It is easy to be critical of people who fail the leadership test when it involves opposing the crowd, defying the consensus, blocking the path the majority are intent on taking. The truth is that it is hard to oppose the mob. They can ignore you, remove you, even assassinate you. When a crowd gets out of control there is no elegant solution. Even Moses was helpless in the face of the people at the later episode of the spies (Num. 14: 5).
Nor was it easy for Moses to restore order now. He did so only by the most dramatic action: smashing the tablets and grinding the calf to dust. He then asked for support and was given it by his fellow Levites. They took reprisals against the crowd, killing three thousand people that day. History judges Moses a hero but he might well have been seen by his contemporaries as a brutal autocrat. We, thanks to the Torah, know what passed between God and Moses at the time. The Israelites at the foot of the mountain knew nothing of how close they had come to being utterly destroyed.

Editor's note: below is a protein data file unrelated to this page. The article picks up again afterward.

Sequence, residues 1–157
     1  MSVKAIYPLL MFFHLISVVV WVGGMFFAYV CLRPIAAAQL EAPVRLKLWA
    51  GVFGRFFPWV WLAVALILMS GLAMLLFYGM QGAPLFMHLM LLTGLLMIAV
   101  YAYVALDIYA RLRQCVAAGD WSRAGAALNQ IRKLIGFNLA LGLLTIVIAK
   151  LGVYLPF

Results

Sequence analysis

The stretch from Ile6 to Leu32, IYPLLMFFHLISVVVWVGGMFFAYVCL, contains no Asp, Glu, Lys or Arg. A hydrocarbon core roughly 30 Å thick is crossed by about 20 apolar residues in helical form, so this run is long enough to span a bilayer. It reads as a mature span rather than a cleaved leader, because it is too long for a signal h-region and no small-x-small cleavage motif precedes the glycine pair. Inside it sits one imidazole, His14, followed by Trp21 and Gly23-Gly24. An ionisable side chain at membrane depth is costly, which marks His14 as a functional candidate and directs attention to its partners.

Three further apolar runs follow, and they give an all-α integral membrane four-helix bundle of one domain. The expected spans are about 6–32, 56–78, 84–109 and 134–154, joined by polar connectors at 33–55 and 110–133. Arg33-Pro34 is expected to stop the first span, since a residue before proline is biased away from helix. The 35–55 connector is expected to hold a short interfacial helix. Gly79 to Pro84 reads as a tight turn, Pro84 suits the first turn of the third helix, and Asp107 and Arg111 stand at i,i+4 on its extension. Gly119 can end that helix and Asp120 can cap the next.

Tradition dealt kindly with Aaron. He is portrayed as a man of peace. Perhaps that is why he was made High Priest. There is more than one kind of leadership, and priesthood involves following rules, not taking stands and swaying crowds. The fact that Aaron was not a leader in the same mould as Moses does not mean that he was a failure. It means that he was made for a different kind of role. There are times when you need someone with the courage to stand against the crowd, others when you need a peacemaker. Moses and Aaron were different types. Aaron failed when he was called on to be a Moses, but he became a great leader in his own right in a different capacity. Aaron and Moses complemented one another. No one person can do everything.
The truth is that when a crowd runs out of control, there is no easy answer. That is why the whole of Judaism is an extended seminar in individual and collective responsibility. Jews don’t, or shouldn’t, form crowds. When they do, it may take a Moses to restore order. But it may take an Aaron, at other times, to maintain the peace.